Six months ago the suggestion that Keating could win the next election if he led the A.L.P. was met with derision. A Coalition win, led by Dr. Hewson, seemed "inevitable" and the polls indicated so. The political landscape is shifting, and Keating, heartened by the shock return of the Conservative Party in Britain, led by Mr. John Major, could yet achieve the impossible. If he does so, it will only be because of the poor calibre of the Opposition. They provide no genuine, alternative in either their policies or their philosophy. The Coalition is failing conservative voters. Mr. Pat Buchanan, in the United States, has shown that there is an alternative, and Mr. Phil Cleary, Member for Wills, has emphasised it.


The re-election of the British Conservative Party last week was met with almost universal disbelief, even by Senior Ministers. Nicholas Rothwell, reporting for The Australian from London, wrote: "not a single opinion poll taken during the past month of campaigning came even remotely close to forecasting the election result, suggesting either a collapse of the pollster's art, or an extraordinary late surge to Mr. Major.

" If there is any logical explanation for the Major victory, it can only be that Mr. Major, in sheer desperation, began to retreat from his commitment to Europe in the dying days of the election campaign. Apart from the last two days the European issue, with the potential to deeply divide the electorate - and the parties - had been significantly ignored. It was almost as if an unspoken bipartisan agreement existed not to mention Europe, lest a nervous electorate cement a party into government with an undertaking to ignore international embarrassment and retreat from the European nightmare.

The European correspondent for the Sydney Morning Herald, Mr. Paul McGeough, reported on the absence of debate about Europe only two days before polling day: "In the next day or so, there is the risk that Tory elements, frustrated by the lack of momentum in the election campaign, may become desperate enough to break ranks on the issue. "One Tory M.P. did just that last Tuesday. A former Tory leader in the Commons, John Biffen, urged Major to go no further down the road to monetary and political union ... He said: "It's small wonder that the political establishment would like to leave the issue dormant, but on any account it will soon reawaken. Indeed, Europe is not asleep. It continues to be the major challenge to British politicians and its place in a general election deserves to be recognised."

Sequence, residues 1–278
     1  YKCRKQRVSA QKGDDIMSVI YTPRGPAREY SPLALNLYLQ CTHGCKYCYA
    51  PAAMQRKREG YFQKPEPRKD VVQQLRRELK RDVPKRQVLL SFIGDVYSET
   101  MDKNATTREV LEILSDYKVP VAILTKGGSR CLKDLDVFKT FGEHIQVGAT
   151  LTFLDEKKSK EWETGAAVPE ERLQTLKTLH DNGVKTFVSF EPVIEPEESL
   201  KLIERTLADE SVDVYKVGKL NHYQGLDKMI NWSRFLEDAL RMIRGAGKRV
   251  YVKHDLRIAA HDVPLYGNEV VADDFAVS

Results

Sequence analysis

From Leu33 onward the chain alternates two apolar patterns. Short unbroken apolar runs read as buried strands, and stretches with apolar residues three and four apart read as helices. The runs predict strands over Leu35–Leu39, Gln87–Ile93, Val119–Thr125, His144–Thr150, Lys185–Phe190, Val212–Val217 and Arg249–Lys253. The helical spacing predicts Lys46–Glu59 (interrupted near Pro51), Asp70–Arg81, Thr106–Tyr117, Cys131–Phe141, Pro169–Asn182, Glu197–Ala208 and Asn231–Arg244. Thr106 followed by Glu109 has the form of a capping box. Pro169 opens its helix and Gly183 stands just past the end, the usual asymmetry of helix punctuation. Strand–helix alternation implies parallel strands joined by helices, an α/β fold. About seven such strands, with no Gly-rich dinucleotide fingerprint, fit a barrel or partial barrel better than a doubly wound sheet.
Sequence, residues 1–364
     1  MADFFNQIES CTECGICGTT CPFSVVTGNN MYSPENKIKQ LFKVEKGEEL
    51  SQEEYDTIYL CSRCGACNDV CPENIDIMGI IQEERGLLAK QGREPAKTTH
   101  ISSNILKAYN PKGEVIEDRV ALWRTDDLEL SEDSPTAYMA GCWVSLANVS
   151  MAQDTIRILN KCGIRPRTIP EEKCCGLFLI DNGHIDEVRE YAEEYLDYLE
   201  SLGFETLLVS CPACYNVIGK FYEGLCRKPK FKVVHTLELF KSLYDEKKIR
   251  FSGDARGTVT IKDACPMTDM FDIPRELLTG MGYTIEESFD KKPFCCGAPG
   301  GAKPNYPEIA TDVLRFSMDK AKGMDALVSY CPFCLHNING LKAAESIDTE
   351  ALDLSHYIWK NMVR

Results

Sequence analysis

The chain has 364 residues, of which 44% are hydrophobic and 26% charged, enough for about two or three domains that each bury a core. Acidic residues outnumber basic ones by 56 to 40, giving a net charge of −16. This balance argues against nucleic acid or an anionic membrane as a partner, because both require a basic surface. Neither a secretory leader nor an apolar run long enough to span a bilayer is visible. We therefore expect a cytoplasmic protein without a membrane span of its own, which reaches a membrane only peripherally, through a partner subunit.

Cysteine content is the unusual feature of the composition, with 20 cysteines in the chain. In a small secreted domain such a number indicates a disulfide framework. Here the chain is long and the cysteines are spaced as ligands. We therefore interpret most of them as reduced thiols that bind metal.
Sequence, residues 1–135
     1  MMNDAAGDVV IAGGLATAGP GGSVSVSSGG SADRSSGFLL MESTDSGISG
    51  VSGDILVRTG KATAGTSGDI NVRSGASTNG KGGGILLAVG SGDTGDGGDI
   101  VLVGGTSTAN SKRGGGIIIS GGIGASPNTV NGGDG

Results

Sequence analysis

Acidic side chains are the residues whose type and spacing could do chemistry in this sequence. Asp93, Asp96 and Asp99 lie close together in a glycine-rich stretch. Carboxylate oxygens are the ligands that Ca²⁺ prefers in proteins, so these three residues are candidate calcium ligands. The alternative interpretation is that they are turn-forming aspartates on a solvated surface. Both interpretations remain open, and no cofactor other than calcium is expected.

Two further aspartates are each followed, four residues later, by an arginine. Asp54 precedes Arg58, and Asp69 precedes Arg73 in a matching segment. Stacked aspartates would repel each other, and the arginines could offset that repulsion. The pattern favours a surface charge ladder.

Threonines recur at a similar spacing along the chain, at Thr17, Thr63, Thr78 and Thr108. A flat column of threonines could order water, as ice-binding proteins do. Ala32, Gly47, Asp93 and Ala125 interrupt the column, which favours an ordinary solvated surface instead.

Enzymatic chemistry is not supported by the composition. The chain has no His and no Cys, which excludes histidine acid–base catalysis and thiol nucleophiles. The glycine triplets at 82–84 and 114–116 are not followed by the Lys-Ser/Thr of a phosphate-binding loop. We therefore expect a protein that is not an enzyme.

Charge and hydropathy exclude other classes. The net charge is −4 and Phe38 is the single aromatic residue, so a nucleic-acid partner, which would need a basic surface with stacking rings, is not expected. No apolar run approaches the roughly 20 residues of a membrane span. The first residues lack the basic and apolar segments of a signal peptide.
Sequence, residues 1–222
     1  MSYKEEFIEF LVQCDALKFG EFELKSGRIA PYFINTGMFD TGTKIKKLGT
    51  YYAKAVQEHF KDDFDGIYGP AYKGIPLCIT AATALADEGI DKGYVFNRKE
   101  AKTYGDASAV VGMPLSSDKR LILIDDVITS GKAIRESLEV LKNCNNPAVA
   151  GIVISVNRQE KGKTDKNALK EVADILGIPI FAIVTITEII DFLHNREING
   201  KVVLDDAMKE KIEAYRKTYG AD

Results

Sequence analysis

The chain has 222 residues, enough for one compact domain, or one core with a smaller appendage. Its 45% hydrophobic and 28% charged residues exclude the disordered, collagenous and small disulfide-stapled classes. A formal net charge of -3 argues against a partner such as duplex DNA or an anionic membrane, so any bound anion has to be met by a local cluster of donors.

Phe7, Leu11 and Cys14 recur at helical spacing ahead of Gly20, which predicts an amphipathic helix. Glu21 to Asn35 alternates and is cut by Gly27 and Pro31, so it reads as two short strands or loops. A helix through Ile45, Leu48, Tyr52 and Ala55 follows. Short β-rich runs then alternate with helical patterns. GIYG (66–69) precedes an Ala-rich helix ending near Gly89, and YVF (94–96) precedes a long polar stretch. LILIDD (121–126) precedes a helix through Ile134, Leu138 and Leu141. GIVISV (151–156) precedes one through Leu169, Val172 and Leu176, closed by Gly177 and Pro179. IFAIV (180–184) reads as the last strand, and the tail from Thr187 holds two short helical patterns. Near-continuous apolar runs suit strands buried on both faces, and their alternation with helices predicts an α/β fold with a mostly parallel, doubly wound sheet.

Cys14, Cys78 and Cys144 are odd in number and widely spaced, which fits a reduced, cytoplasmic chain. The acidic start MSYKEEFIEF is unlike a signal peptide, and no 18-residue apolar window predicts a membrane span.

As this report was being published, Mr. Major did begin to pull back from the Treaty on European Unity, signed last December in Maastricht, Holland. Britain has yet to ratify the Treaty on monetary and political union in Europe, and Major was sufficiently aware of British sensitivity to negotiate special concessions at the time of signing.

Faced with the prospect of losing government, Mr. Major apparently decided to defy "the establishment" of the City of London - dominated by 500 banking groups who orchestrated Mrs. Thatcher's destruction when she also began to retreat from merging Britain with Europe. Mr. Major would have been fully aware of the strong grassroots undercurrent against European union, not only in Britain. Last year Belgian voters supported "right wing" and environmental parties against the governing pro-European Christian Democrats. This pattern was emphasised in French local government elections, in which the National Front delivered a devastating blow to Mitterand's strong support for European union.

The issues in France (and Germany) were dominated by the prospect of mass migration within a European super-government with few national border restrictions. Ratification of the Maastricht Treaty in the 12 nation E.C. will be very difficult in France and Germany, where Mr. Kohl is pro-Europe.

In recent German State elections a strong backlash against immigration and European policies underlined opinion polls now showing a majority of Germans opposed to the Maastricht Treaty. In the Italian election, a number of separatist groups, like the Lombardy League and the South Tyrol People's Party, made big gains against European Union, and in the Irish Republic a referendum is to be held on the Maastricht Treaty. It is feared that Irish voters will reject it, because under European union the Social Charter would not permit the Irish to make their own decisions on the issue of abortion. It should also be noted that the Scottish nationalists also suffered losses in the British elections, campaigning on independence from Britain within Europe. It is significant that the Conservatives gained two Scottish seats.

TREATY DIFFICULT TO RATIFY: Paul McGeough comments further: "Few voters fully understand that the deals already done mean that at the end of this year the citizens of Britain will become citizens of Europe, that despite some jiggery/pokery at Maastricht, the E.C. is on the way to common foreign affairs and defence policy. "By its very nature Brussels will go on demanding a greater say in the lives of Britain. . . . Why, under a government that has been hell-bent on deregulation is Britain subjecting itself to more than 7,000 regulations churned out by Brussels every year? Why can Brussels overrule British legislation? Why does Brussels regulate the British environment? . .


from The Age (Melbourne), 6/4
The Prime Minister's facile diversion astonished the country when he accused Britain of 'betrayal' and 'lack of support' during World War II. Many Australians, myself included, served in the Royal Navy, and now a large number of Royal Naval personnel live in Australia, as Australians. All of us resent his remarks and want no part of such inaccurate and distasteful politicking.